int alter(char s[], int sz);
    
        Prep(char str[]);
    private:
        char string[40];
    };
    
    Prep::Prep(char str[])
    {
        strcpy(str, string);
    }
    
    int Prepender::alter(char s[], int sz)
    {
    }
    
    int main(void) {
        char s[40];
        char s2[10];
        int rc;
    
        strcpy(s, "world");
        strcpy(s2, "there");
        Pre("hello"); //calls constructor, hello is
        //stored inside object
        h.print(); //prints hello to the screen
    
        // this next printf will print:
        // alter returned: 1.  String is: hello world
        rc = h.alter(s, 40);  //s1 is big enough to add hello
        printf("alter returned: %d.  String is: %s\n", rc, s1);
    
        // this next printf will print:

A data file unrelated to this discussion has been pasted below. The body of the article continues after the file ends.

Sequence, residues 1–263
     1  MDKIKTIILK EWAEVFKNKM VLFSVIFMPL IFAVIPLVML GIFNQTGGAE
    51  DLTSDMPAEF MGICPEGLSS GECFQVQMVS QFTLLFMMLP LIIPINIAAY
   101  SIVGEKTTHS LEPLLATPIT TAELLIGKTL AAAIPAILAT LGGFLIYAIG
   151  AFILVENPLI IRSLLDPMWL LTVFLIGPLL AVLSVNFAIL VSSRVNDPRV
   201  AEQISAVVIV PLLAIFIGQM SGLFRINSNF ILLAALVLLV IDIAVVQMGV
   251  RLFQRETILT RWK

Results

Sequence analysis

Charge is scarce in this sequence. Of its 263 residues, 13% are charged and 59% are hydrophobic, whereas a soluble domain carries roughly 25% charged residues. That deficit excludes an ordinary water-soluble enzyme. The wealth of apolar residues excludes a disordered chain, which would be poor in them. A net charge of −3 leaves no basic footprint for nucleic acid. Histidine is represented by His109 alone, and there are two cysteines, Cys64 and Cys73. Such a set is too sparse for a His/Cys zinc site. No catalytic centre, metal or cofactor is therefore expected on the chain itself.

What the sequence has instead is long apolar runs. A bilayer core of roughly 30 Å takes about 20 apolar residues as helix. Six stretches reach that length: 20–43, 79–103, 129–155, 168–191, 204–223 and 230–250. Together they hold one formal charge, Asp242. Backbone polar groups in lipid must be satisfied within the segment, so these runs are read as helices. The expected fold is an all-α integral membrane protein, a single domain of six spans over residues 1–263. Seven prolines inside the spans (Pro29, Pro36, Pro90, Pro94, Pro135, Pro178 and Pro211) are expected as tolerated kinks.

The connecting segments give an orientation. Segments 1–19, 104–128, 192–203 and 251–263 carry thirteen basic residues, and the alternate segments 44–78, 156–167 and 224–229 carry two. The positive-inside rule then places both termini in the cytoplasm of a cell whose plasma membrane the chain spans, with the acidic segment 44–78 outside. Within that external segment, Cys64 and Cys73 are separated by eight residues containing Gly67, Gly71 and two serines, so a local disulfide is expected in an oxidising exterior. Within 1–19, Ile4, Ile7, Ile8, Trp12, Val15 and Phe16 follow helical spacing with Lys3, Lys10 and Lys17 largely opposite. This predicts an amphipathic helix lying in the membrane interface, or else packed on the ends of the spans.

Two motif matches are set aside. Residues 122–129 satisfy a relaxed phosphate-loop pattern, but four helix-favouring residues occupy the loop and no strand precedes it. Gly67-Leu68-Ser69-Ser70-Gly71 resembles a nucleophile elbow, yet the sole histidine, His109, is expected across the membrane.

// alter returned: 0.  String is:  there
        rc = h.alter(s2, 10); //s2 is not big enough to add hello
        printf("alter returned: %d.  String is: %s\n", rc, s2);
    }
    Now, the problem that you have now is that you are indeed invoking the constructor of Prep to create an object (once you fix the typo), but it is just a temporary object. You should be creating an object named h, e.g.,
    Code:
    Prep h("hello");
    Oh, and you should be including the correct headers. Actually, you should be using std::string, available by #include <string> instead of using C-style null terminated strings, and then you should be using C++-style I/O, available by #include <iostream>.
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  3. #3
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    Code:
    <include <cstring>
    <include <cstdio>
    
    class Prep {
    public:
        void print()
        {
            printf("%s");
        }
    
        int alter(char s[], int sz);
    
        Prep(char str[]);
    private:
        char string[40];
    };
    
    Prep::Prep(char str[])
    {
        strcpy(str, string);